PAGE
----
We went to see Pollo's best friend Edu. He, his ex-girlfriend and their son came with us to the viejas' sixth floor apartment for lunch. Spaghetti with aglio sauce, beans and cilantro, wine and soft drinks, celery, and bread. We had bought a tres leches cake for desert at one of the pastelerias that happened to be open that day. We thanked God for our good fortune. We watched Gaspar, their son, frolick, oblivious to the bleary eyed adults and the news they were hearing. We all laughed at his antics, happy for a distraction.

Despite my sleeping the night before, I was so tired. Being on edge for so long had taken it's toll on my body. After two days of not sleeping, Pollo was finally starting to feel it too. We left for my house--the best place for sleeping it seemed.

Pollo just crashed. He finally didn't have to worry about his grandma and mom for at least a little while. I rubbed his back and he fell into a deep sleep. I tried to sleep but couldn't. Someone outside was calling for Kanke but I didn't realize it until they left. Then Javiera came back, this time much more disturbed than she had been the night of the earthquake.

I got up and spoke with her. It turns out her family was in Constitution, a coastal town, 50 km from the epicenter. After the earthquake, they'd gone in two cars to their father's office building, on top of the main hill there. Everyone ran for the hill. They had all been trained that after an earthquake in Consistution, they needed to get immediately to high ground. Her family stayed in the office without electricity and no news until the morning. Then her dad drove down to try and see how their house had fared.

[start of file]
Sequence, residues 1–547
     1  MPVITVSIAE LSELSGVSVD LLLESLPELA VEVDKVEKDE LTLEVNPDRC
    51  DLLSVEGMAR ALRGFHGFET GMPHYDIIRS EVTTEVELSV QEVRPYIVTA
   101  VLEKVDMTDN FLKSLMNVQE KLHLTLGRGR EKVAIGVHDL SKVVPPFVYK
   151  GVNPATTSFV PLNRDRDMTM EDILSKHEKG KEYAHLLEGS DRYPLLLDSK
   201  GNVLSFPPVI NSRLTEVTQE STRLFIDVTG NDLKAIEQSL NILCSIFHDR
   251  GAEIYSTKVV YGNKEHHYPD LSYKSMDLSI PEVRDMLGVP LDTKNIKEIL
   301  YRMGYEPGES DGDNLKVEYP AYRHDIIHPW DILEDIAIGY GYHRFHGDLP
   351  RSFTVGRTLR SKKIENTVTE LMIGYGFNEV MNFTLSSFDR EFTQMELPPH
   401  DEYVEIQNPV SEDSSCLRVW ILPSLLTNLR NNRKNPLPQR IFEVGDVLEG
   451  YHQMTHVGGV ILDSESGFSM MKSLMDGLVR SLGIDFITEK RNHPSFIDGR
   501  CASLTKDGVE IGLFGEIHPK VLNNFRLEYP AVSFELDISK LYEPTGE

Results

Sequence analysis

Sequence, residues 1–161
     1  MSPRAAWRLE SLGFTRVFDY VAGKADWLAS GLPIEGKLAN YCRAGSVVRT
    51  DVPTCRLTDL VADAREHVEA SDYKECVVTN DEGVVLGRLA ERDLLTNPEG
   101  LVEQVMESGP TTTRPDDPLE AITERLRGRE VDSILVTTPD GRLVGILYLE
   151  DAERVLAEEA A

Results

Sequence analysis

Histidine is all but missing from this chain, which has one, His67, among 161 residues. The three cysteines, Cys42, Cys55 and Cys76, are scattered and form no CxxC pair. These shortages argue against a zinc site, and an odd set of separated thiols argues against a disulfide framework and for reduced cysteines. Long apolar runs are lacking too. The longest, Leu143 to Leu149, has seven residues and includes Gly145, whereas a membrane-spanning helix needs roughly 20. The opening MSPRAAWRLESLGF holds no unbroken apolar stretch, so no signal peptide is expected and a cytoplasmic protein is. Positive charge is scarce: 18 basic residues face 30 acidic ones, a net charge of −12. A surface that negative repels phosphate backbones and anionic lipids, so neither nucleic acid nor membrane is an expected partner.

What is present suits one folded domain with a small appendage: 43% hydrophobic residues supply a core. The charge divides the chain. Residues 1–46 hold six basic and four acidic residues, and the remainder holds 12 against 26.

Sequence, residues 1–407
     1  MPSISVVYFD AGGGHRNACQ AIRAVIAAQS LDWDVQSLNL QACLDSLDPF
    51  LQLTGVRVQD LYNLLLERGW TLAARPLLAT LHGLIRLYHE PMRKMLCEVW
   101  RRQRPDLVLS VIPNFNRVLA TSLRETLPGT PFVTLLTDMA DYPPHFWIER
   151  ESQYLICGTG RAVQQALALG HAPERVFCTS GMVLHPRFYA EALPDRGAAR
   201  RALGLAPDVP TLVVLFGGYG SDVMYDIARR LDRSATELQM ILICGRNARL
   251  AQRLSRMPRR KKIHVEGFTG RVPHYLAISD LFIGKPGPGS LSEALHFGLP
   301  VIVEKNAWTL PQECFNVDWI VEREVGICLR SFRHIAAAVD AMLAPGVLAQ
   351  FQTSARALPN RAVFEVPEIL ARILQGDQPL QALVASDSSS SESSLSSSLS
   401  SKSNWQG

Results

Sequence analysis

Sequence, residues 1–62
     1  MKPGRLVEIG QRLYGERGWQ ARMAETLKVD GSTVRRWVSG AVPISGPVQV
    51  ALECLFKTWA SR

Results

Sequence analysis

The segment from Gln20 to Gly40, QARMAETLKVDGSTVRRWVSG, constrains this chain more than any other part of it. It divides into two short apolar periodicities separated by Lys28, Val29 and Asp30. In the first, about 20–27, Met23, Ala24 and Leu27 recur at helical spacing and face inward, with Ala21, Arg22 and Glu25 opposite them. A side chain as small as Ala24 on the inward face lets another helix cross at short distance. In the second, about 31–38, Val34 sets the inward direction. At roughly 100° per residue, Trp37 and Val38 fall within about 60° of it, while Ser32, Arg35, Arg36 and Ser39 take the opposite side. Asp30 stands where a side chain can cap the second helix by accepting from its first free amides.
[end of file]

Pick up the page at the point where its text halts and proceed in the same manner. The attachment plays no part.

Their neighbor's house was just didn't exist. There house was still standing, but all of their furniture had been swept to sea--and possibly looted too--and what remained were possessions from other people. A wallet. A dress. Both their other cars were lost. When they saw how much robbing and looting was happening, they took their two remaining cars and headed back to Santiago. Javiera says they never want to return there.

Javiera said her parents in Consistution could hear the screams of campers stuck out on an island nearby as the water rose. You've probably seen the images, too--they're all from the south. A boat displaced a block into town. Whole sections nothing but mud. A new apartment building split in two as easily as splitting a piece of cake. I heard that several sections of Santiago--poorer, older sections--were more badly damaged, but I had not gone to see it.

After our nap, I suggested once again to Pollo that he bring his mom and grandma to my house, but it looked like his grandma still didn't want to be far away from her stuff. So I suggested we all stay at the six floor apartment.

We went back over there, set to stay the night. But during our dinner, an aftershock hit. We all froze and watched the lamp hanging from the ceiling swing. What would have been a small tremor on the first floor was a huge swaying on the sixth floor.

It was decided right then and there. We were heading to my house -- my solid, ground floor house with a bed in the living room, five feet away from the safest doorframe in the house.

His mom stayed in my room, Sari, his grandma stayed in the living room, Pollo and I took Kanke's room upstairs.

It was the first time Pollo and I slept in a double bed together. And we were so used to the cramped twin--and so grateful to be alive--that we slept all night holding each other close.

The next day, the electricity came back on. Pollo went to work. And I did too. I opened my laptop, like on every other day here, poured myself some tea, and sat down to write.

My mom's friend Carolyn wondered why I hadn't been speaking with CNN--this was my chance to be a journalist. But I never saw a single camera van in Santiago--after all, they go where the damage was, and my corner of Santiago was impeccable--and when it came time to go towards the damage, I only wanted to gather every one of my family and friends here and fly far away from danger.

In the end, instead of chasing a career, I only wanted to be with my people. I wanted to tell stories, sit down for a good meal, and when it came time to sleep, offer them the safe haven that my house came to be. It wasn't much, and it certainly wasn't close to what all those rescue workers have done in the south, but I did manage to give a few of my friends and family a good night's sleep when they needed it the most.